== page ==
The other towns involved in the project are Collingswood, Audubon, Pennsauken and Oaklyn. The towns have over 500 abandoned homes altogether.
The partnership aims to make smaller residential properties that are abandoned or foreclosed a priority to mortgage companies by aggregating homes into a larger portfolio encompassing several municipalities.
“The idea is that Wells Fargo isn’t likely to care much about a $200,000 mortgage on a home on Park Avenue in Collingswood, so it will remain in limbo while they deal with a $5 million foreclosure elsewhere,” Collingswood Mayor James Maley said. “If we approach a bank saying ‘Here are 25 properties that total $5 million, how can we work together to market these properties faster?’ these homes may get attention. What is clear now is that banks are overwhelmed and our hands are tied. We’re hoping to find a solution that will help everyone.”
The six towns will sign an agreement this month to enter into a partnership for the project. The towns are gathering information regarding all abandoned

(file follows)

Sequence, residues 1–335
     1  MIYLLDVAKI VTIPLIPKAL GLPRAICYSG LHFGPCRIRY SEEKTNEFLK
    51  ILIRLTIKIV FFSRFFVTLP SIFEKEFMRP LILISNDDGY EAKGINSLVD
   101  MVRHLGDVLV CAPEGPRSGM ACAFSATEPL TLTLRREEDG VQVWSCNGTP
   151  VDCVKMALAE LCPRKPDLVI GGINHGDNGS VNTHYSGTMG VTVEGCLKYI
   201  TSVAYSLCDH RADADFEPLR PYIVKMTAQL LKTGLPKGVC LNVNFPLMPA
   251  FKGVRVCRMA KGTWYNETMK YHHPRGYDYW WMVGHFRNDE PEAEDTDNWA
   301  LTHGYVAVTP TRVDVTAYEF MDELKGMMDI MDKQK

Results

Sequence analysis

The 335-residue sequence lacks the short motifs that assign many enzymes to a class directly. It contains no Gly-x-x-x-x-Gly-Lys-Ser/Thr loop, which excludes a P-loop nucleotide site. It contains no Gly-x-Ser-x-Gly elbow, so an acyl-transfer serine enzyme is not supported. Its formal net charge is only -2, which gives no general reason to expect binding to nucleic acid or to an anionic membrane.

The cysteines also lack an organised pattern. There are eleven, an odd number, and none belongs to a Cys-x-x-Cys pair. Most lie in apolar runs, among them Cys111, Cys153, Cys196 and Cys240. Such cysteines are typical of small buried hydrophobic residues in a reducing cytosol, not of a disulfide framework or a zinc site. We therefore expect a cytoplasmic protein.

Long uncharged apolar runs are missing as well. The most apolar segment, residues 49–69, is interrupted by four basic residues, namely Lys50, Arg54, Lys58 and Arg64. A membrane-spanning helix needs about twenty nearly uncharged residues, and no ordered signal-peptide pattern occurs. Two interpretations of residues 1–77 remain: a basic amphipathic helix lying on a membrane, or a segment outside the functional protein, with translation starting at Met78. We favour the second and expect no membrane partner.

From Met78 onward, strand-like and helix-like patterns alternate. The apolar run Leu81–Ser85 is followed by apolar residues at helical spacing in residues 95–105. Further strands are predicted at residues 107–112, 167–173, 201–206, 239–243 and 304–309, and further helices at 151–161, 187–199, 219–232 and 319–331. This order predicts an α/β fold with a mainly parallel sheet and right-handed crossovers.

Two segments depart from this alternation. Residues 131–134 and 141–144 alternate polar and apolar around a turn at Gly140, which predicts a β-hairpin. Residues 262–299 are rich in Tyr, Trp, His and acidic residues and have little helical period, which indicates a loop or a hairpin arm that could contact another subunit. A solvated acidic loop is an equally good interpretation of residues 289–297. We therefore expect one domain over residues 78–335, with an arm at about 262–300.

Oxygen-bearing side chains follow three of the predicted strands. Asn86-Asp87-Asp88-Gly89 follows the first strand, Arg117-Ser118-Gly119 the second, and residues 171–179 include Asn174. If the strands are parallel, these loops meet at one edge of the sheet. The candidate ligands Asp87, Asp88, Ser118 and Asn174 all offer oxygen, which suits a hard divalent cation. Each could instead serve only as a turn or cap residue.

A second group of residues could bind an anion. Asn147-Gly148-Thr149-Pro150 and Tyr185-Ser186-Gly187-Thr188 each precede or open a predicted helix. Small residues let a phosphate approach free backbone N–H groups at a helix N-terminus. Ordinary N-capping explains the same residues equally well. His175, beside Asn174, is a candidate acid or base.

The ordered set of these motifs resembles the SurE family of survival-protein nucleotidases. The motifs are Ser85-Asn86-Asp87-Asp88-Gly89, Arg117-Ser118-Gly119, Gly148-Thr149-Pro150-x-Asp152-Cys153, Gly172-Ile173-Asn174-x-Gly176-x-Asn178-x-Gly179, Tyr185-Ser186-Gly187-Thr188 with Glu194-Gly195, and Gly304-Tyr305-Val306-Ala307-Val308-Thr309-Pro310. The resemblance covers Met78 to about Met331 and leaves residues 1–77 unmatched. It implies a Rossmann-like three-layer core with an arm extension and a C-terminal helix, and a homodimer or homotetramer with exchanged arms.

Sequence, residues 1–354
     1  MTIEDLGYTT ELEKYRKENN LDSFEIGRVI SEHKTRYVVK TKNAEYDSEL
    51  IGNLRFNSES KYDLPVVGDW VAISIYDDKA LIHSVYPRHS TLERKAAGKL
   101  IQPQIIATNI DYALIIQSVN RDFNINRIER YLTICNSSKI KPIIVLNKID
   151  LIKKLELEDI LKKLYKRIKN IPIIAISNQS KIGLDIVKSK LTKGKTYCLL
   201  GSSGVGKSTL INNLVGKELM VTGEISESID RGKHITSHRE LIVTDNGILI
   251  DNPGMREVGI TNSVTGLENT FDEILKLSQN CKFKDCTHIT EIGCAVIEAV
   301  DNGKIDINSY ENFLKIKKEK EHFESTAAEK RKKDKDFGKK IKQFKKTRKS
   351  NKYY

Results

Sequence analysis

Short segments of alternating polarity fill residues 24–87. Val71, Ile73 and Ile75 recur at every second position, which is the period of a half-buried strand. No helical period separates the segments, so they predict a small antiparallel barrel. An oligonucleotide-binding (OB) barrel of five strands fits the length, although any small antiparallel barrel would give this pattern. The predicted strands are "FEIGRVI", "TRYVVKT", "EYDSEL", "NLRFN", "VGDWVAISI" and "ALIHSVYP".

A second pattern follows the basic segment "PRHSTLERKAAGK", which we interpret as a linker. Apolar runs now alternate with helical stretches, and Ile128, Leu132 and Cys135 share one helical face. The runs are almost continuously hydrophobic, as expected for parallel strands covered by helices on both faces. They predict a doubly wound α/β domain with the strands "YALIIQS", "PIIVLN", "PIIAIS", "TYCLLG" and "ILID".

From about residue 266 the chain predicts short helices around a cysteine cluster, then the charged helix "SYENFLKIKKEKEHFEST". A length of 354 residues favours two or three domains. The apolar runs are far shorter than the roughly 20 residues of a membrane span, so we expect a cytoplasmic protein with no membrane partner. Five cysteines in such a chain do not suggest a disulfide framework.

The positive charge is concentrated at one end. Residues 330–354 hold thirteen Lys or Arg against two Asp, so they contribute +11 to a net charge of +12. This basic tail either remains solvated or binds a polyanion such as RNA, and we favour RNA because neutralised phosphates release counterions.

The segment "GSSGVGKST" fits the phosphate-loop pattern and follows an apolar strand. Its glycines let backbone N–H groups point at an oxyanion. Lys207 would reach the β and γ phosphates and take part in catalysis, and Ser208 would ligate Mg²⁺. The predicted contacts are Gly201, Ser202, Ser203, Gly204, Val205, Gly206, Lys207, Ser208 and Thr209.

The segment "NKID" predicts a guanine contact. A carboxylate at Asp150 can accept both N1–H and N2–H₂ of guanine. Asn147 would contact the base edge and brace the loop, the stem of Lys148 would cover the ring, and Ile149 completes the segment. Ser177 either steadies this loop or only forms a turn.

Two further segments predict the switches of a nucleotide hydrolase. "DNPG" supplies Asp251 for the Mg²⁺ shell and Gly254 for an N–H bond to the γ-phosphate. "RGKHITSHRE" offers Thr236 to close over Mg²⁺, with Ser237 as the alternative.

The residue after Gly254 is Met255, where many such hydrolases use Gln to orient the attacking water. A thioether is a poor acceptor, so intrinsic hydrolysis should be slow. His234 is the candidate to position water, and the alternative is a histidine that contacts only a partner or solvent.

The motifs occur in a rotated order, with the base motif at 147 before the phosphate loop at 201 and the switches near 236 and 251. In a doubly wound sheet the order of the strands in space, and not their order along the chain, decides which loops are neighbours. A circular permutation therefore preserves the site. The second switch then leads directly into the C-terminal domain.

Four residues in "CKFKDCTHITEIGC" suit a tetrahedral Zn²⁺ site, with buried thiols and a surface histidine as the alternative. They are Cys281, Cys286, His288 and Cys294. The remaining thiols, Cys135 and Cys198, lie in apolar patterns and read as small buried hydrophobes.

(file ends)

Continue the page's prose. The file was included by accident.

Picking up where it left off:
properties in their collective municipalities including mortgage
holders, total value, location, etc.
Working with two Rutgers-Camden Ph.D. candidates and a Masters student, the group will analyze the data to create a pilot program to work with banks to get properties back to market and filled with new residents, rather than remain empty while awaiting attention from banks.
“Ideally we will create an ‘abandoned homes’ program that can be recreated anywhere,” Maley said. “We don’t know exactly where this will take us yet but we are going to learn a lot as it unfolds. The goal is to get people into empty homes faster. No one wants to live on a block, or next to, a home that is abandoned. And as a local government we want to do as much as we can to move the process along faster.”
A video of Maley's appearance on Comcast Newsmakers to discuss the crisis is attached to this post.